Alumnus Govindan Giving Back To UConn
Sharavan Govindan’s financial gift to UConn’s School of Engineering isn’t just a way to give back for the opportunities he received as an engineering student. It’s also a friendly challenge to others who have similarly benefitted from scholarships.
“I’d like to inspire other alumni into giving and scale up opportunities for students as a result,” said Govindan, whose recent gift provides the funds for the annual Govindan Family Fellowship. “The giving back should go beyond monetary assistance, including mentoring, sharing experiences through virtual or live presentations and discussions, partnering through their employer, suggesting industry-relevant course curriculum to faculty, so students are better trained when they enter the workforce, and contributing articles to the newsletter and maintaining ties.”
And the benefits work both ways, said Govindan, who received his Master’s degree from UConn in 2003.
“Giving without any expectation in return, is a unique and amazing form of happiness that can only be experienced when you do it,” he said. “The feeling cannot be fully expressed in words and I really hope many others get to experience this, and help others. I am grateful for the full scholarship that UConn had provided me when I was a graduate student, and this is one of the many ways I am giving back and expressing gratitude. “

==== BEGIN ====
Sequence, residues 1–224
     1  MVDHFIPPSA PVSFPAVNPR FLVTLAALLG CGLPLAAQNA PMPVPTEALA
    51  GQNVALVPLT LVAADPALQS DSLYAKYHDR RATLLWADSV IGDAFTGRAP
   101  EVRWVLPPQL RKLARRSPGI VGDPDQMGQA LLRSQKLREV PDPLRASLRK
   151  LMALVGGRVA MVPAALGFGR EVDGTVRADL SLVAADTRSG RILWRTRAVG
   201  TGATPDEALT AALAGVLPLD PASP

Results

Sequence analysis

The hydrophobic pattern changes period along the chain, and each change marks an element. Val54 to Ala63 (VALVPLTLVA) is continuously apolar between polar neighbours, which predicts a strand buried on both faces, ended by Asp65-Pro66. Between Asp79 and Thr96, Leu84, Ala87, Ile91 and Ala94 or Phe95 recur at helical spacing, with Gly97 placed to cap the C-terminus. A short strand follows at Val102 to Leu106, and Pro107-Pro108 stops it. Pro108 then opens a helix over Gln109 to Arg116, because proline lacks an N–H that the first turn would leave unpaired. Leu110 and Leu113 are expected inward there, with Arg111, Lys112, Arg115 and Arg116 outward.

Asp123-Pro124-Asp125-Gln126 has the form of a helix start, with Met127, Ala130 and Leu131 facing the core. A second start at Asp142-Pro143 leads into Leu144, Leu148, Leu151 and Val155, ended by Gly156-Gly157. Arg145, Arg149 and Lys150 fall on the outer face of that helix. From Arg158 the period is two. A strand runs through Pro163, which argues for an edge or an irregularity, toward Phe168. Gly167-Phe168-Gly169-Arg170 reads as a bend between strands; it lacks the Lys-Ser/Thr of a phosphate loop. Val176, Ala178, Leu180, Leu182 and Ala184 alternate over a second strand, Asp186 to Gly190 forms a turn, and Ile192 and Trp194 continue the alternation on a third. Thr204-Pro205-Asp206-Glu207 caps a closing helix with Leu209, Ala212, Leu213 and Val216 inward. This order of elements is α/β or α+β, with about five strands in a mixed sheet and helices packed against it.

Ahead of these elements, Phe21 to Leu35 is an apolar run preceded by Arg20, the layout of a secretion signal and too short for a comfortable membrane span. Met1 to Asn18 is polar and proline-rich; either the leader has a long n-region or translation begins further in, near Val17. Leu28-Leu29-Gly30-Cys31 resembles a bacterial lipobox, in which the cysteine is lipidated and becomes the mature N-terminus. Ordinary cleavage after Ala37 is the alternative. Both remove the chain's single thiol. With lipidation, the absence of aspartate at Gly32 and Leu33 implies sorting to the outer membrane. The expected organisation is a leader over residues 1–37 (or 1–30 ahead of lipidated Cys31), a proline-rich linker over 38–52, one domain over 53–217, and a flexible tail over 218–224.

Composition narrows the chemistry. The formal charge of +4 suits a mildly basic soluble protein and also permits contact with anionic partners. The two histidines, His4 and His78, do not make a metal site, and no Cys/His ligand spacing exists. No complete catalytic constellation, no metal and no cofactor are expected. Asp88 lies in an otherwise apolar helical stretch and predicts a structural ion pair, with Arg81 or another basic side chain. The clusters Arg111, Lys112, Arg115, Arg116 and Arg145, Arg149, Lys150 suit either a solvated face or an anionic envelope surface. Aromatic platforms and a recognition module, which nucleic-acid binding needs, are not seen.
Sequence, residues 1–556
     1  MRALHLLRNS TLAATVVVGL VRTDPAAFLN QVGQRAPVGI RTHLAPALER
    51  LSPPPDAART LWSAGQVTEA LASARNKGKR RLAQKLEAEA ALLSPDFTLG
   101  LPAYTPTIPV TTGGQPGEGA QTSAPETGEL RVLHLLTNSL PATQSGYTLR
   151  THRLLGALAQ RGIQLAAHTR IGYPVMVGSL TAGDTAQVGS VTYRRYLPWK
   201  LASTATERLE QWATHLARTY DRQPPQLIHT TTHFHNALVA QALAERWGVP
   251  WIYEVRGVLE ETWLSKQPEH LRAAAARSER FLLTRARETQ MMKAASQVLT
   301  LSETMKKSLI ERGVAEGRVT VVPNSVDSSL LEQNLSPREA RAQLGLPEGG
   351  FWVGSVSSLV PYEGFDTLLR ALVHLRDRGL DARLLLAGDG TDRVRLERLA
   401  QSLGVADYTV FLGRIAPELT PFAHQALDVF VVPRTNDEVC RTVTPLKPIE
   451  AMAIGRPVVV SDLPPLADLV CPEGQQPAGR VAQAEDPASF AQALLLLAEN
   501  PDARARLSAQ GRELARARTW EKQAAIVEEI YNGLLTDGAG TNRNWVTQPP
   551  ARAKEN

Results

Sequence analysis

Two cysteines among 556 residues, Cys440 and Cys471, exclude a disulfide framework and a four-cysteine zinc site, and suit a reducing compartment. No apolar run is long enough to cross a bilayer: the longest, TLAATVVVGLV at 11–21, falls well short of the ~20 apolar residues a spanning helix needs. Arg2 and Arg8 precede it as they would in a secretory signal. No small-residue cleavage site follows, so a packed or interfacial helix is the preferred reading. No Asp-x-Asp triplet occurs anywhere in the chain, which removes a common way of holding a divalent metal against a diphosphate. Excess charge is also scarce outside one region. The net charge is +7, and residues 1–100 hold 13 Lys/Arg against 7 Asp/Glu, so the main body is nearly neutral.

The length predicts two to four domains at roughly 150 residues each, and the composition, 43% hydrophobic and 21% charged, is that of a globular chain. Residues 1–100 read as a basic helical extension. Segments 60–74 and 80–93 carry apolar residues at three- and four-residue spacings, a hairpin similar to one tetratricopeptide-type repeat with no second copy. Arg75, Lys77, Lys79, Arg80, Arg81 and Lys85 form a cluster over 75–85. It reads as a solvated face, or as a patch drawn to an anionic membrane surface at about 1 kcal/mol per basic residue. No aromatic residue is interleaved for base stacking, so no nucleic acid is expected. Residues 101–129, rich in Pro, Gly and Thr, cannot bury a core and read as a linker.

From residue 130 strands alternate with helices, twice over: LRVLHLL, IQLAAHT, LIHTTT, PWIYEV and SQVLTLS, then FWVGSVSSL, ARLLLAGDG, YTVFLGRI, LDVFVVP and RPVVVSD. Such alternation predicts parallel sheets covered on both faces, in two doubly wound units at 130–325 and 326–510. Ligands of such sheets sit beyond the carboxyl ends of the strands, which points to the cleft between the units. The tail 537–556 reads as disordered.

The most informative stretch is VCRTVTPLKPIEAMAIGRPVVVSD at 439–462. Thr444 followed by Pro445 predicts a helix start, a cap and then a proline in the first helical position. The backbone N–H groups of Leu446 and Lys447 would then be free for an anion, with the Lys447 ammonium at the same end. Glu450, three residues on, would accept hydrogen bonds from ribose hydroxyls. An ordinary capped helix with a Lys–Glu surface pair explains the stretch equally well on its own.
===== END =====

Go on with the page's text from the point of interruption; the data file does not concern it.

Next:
To be eligible for the “Govindan Family Fellowship” fund, candidates must be an incoming or continuing graduate student enrolled full time in the School of Engineering, exhibit academic achievement and financial need, and demonstrate an interest in environmental engineering.
“My experience at UConn was unique in many ways,” he said. “I was the webmaster for multiple departments and research centers, I was also wiring computer networks for the Booth Research Center, while pursuing research in water and soil remediation. I was also a voluntary webmaster for the Connecticut Invention Convention for many years and was engaged in multiple social activities.”
Govindan said his experience at UConn was great preparation for his current position as director of social learning for Bentley Systems, a Pennsylvania-based software company.
“Amazingly, I was able to pursue a career that combines my computer and engineering skills and passions I had at UConn,” he said. “My employer, Bentley Systems, offered complimentary training to UConn’s students and faculty on water engineering software. Years later, when I was looking for a career change from research, I applied because of the wonderful experience I had had with Bentley as a student. The rest as they say, is history. “